WASHINGTON - Senior administration officials defended yesterday the White House review of Bernard B. Kerik's background before his nomination as secretary of homeland security. One official said that even "controversial" material uncovered in a weeklong review had not appeared to endanger Kerik's confirmation.
In interviews, the officials denied that the White House review of Kerik's background had been rushed. Scott McClellan, President Bush's press secretary, said, "It was a very thorough vetting process" that "looked at all the issues relating to his public, financial and personal background." But they insisted there had been no way to discover - without Kerik's volunteering the information - that his family's nanny was most likely an illegal alien or that he had not paid the proper taxes related to her employment. It was that issue alone, they say, that terminated his nomination.
The review of Kerik's record was centered in the office of the White House counsel, Alberto R. Gonzales, who is in the midst of the preconfirmation process as the president's nominee to succeed John Ashcroft as attorney general.
Administration officials seemed eager yesterday to dispel any notion that Gonzales' office short-circuited the process in Kerik's case or was not alert to potential problems in his background. They described a vetting process more intense than usual before a presidential nomination, arguing that Kerik brought his troubles on himself by not flagging the issue of his housekeeper despite repeated questioning on the subject.
All the officials with knowledge of the vetting of Kerik's record insisted on anonymity, and they declined to go into detail about questionable issues they had reviewed involving Kerik's past, saying that would violate his privacy.
But one official said the White House spent more time than most with Kerik "because he was someone with a colorful background, and there was a good deal in the public domain - much of it favorable, some of it controversial." The official said Kerik had "major supporters" from New York, including former Mayor Rudolph W. Giuliani and the state's two Democratic senators, Hillary Rodham Clinton and Charles E. Schumer.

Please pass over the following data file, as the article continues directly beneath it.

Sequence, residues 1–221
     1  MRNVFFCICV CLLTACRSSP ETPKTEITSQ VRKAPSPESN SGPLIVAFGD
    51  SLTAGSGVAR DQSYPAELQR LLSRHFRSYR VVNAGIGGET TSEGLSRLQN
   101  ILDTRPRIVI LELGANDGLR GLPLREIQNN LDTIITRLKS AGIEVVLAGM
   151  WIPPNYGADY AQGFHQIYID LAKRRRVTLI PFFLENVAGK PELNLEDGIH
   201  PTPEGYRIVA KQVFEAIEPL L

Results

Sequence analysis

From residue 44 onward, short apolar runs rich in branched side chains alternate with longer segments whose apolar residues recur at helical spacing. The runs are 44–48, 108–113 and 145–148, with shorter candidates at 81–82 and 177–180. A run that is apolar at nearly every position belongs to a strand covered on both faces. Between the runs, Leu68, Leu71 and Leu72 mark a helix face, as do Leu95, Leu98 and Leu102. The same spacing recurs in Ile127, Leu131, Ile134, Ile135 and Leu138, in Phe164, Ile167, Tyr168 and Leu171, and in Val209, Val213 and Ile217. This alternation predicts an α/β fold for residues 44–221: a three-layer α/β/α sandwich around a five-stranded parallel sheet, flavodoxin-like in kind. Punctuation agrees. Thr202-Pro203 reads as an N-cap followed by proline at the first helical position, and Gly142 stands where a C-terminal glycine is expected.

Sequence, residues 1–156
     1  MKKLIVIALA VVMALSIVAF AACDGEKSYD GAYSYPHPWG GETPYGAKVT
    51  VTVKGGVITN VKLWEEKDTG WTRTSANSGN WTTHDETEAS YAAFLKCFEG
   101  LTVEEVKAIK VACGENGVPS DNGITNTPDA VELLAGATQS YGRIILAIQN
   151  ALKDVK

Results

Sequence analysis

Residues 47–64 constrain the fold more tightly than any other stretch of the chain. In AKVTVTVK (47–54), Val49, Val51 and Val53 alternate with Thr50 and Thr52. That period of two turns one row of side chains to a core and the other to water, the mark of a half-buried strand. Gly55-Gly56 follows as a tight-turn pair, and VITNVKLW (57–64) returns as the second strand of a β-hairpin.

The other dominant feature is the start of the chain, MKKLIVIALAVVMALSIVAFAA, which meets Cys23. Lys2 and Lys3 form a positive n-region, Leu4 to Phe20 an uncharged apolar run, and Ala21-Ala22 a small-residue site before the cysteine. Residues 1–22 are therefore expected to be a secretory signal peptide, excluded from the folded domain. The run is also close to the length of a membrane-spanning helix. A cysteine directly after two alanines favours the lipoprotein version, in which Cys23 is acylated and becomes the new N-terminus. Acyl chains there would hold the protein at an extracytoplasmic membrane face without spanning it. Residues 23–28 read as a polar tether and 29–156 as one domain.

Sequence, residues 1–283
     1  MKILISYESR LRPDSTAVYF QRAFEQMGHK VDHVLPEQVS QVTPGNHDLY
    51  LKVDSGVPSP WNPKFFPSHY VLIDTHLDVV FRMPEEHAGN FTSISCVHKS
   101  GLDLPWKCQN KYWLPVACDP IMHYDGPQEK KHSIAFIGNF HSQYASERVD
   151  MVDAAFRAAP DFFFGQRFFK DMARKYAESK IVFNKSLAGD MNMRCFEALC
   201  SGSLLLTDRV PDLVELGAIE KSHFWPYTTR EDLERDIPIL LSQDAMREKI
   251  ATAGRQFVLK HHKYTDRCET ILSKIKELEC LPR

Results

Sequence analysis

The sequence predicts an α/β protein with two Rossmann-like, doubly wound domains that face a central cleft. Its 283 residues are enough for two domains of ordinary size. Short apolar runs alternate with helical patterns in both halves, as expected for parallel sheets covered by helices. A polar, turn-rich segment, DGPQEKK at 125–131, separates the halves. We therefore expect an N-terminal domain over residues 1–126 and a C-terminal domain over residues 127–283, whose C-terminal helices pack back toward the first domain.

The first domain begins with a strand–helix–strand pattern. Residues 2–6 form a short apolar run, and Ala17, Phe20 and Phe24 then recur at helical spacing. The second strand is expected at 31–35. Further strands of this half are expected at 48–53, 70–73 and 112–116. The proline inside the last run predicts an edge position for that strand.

Those recommendations, the officials insisted, did not compromise the review before Bush's announcement Dec. 3 that Kerik was his nominee for the domestic security post. But they noted that Kerik's past had received some scrutiny from his days as New York's police commissioner, when he held a security clearance so the FBI could discuss threats against New York with him.
Still, they insisted that they had approached Kerik's appointment with care and that they had taken their time. They described many hours of discussions with Kerik involving the office of presidential personnel and officials from Gonzales' office, stretching out over a number of days.
They declined to say whether they had engaged private investigators to learn more about Kerik's past or whether they had obtained nonpublic credit histories that might have revealed further details about financial troubles concerning a condominium he owned in New Jersey. Nor did they say whether they had examined the nature of his relationship to Interstate Industrial of New Jersey, a company that he apparently tried to help several years ago, despite questions about its apparent ties to organized crime.